Please refer to the ASHP Drug Shortages Resource Center for information on shortages of one or more of these preparations.

Distribution of atezolizumab is restricted.3 5 (See Restricted Distribution under Dosage and Administration.)

Atezolizumab

Routes

Dosage Forms

Strengths

Brand Names

Manufacturer

Parenteral

Concentrate, for injection, for IV infusion

60 mg/mL (1.2 g)

Tecentriq

Genentech

AHFS DI Essentials™. © Copyright 2020, Selected Revisions May 22, 2018. American Society of Health-System Pharmacists, Inc., 4500 East-West Highway, Suite 900, Bethesda, Maryland 20814.

References

1. Genentech. Tecentriq (atezolizumab) injection for intravenous infusion prescribing information. South San Francisco, CA; 2018 Dec.

2. Rosenberg JE, Hoffman-Censits J, Powles T et al. Atezolizumab in patients with locally advanced and metastatic urothelial carcinoma who have progressed following treatment with platinum-based chemotherapy: a single-arm, multicentre, phase 2 trial. Lancet. 2016; 387:1909-20. http://www.ncbi.nlm.nih.gov/pubmed/26952546?dopt=AbstractPlus http://www.pubmedcentral.nih.gov/picrender.fcgi?tool=pmcentrez&artid=5480242&blobtype=pdf

3. Genentech. Genentech Tecentriq distribution quick reference guide. From Genentech for Healthcare Professionals website. Accessed 2016 Sep 13. https://www.tecentriq.com/content/dam/gene/tecentriq/Tecentriq-Distribution-Quick-Reference-Guides.pdf

4. Food and Drug Administration. Center for Drug Evaluation and Research. Application number 761034Orig1s000: Clinical pharmacology and biopharmaceutics review(s). From FDA website. http://www.accessdata.fda.gov/drugsatfda_docs/nda/2016/761034Orig1s000ClinPharmR.pdf

5. Genentech. Tecentriq distribution. 2016 Sept. From Genentech for Healthcare Professionals website. Accessed 2016 Sep 13. https://www.genentech-access.com/hcp/brands/tecentriq/learn-about-our-services/product-distribution.html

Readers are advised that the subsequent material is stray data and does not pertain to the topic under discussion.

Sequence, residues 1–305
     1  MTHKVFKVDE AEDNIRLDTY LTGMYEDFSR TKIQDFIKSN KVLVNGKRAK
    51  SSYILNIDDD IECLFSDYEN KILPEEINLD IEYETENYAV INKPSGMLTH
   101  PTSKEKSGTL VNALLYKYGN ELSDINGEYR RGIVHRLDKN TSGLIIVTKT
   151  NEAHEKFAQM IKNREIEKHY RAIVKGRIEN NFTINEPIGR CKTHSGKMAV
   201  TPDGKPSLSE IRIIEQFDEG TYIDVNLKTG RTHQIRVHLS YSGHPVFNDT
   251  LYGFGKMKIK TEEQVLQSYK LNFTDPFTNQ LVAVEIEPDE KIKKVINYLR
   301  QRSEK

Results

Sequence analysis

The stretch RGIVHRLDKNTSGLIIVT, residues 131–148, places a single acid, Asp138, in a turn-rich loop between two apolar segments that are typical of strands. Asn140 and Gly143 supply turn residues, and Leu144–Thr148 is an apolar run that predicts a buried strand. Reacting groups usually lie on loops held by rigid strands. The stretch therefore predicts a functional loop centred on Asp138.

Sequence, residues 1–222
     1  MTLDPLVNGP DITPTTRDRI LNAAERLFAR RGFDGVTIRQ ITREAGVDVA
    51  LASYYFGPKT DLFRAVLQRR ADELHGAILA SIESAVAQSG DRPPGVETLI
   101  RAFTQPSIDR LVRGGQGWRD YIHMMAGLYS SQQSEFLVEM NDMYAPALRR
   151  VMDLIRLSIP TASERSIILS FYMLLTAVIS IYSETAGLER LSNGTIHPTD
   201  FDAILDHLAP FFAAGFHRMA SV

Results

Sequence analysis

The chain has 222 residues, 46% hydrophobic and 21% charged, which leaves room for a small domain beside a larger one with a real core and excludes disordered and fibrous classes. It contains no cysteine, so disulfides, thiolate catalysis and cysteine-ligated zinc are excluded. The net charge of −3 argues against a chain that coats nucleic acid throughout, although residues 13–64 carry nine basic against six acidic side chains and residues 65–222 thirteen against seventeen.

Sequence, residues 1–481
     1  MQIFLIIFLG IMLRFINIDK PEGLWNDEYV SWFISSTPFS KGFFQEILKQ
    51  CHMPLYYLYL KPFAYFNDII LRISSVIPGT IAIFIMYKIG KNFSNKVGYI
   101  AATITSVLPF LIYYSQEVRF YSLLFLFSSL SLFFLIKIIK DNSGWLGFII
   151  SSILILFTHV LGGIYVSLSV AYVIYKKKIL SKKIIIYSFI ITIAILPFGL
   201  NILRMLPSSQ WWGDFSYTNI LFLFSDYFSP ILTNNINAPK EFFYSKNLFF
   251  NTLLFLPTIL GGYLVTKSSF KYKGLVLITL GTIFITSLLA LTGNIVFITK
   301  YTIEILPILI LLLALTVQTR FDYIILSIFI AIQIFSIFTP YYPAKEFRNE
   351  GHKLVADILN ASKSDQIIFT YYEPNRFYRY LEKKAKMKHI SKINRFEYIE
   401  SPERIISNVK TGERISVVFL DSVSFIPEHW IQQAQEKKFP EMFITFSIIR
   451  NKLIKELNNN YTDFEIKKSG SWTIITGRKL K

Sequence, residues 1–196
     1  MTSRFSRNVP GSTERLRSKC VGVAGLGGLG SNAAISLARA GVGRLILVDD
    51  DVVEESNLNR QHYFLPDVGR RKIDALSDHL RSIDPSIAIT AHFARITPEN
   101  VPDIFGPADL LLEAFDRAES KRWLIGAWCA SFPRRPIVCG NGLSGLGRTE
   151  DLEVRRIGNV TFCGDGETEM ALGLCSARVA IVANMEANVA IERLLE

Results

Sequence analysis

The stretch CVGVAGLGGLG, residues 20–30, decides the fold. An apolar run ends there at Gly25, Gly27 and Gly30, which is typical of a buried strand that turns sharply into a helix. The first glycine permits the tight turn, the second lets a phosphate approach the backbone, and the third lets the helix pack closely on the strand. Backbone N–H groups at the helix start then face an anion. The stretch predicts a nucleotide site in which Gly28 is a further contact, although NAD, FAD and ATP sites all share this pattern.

6. Robert C, Ribas A, Wolchok JD et al. Anti-programmed-death-receptor-1 treatment with pembrolizumab in ipilimumab-refractory advanced melanoma: a randomised dose-comparison cohort of a phase 1 trial. Lancet. 2014; 384:1109-17. http://www.ncbi.nlm.nih.gov/pubmed/25034862?dopt=AbstractPlus

7. Hamid O, Robert C, Daud A et al. Safety and tumor responses with lambrolizumab (anti-PD-1) in melanoma. N Engl J Med. 2013; 369:134-44. http://www.ncbi.nlm.nih.gov/pubmed/23724846?dopt=AbstractPlus http://www.pubmedcentral.nih.gov/picrender.fcgi?tool=pmcentrez&artid=4126516&blobtype=pdf

8. Poole RM. Pembrolizumab: first global approval. Drugs. 2014; 74:1973-81. http://www.ncbi.nlm.nih.gov/pubmed/25331768?dopt=AbstractPlus

9. Gentzler R, Hall R, Kunk PR et al. Beyond melanoma: inhibiting the PD-1/PD-L1 pathway in solid tumors. Immunotherapy. 2016; 8:583-600. http://www.ncbi.nlm.nih.gov/pubmed/27140411?dopt=AbstractPlus

10. Markham A. Atezolizumab: First Global Approval. Drugs. 2016; 76:1227-32. http://www.ncbi.nlm.nih.gov/pubmed/27412122?dopt=AbstractPlus

11. Fehrenbacher L, Spira A, Ballinger M et al. Atezolizumab versus docetaxel for patients with previously treated non-small-cell lung cancer (POPLAR): a multicentre, open-label, phase 2 randomised controlled trial. Lancet. 2016; 387:1837-46. http://www.ncbi.nlm.nih.gov/pubmed/26970723?dopt=AbstractPlus

12. Rittmeyer A, Barlesi F, Waterkamp D et al. Atezolizumab versus docetaxel in patients with previously treated non-small-cell lung cancer (OAK): a phase 3, open-label, multicentre randomised controlled trial. Lancet. 2017; 389:255–65.

13. Balar AV, Galsky MD, Rosenberg JE et al. Atezolizumab as first-line therapy in cisplatin-ineligible patients with locally advanced and metastatic urothelial carcinoma: a single-arm, multicentre, phase 2 trial. Lancet. 2017; 389:67–76.

14. Food and Drug Administration. FDA alerts health care professionals and oncology clinical investigators about an efficacy issue identified in clinical trials for some patients taking Keytruda (pembrolizumab) or Tecentriq (atezolizumab) as monotherapy to treat urothelial cancer with low expression of PD-L1. Silver Spring, MD; 2018 Jun 20. From the FDA website. https://www.fda.gov/Drugs/DrugSafety/ucm608075.htm

15. Genentech. Tecentriq (atezolizumab) injection for intravenous infusion prescribing information. South San Francisco, CA; 2016 Oct.

16. Socinski MA, Jotte RM, Cappuzzo F et al. Atezolizumab for First-Line Treatment of Metastatic Nonsquamous NSCLC. N Engl J Med. 2018; 378:2288-2301. http://www.ncbi.nlm.nih.gov/pubmed/29863955?dopt=AbstractPlus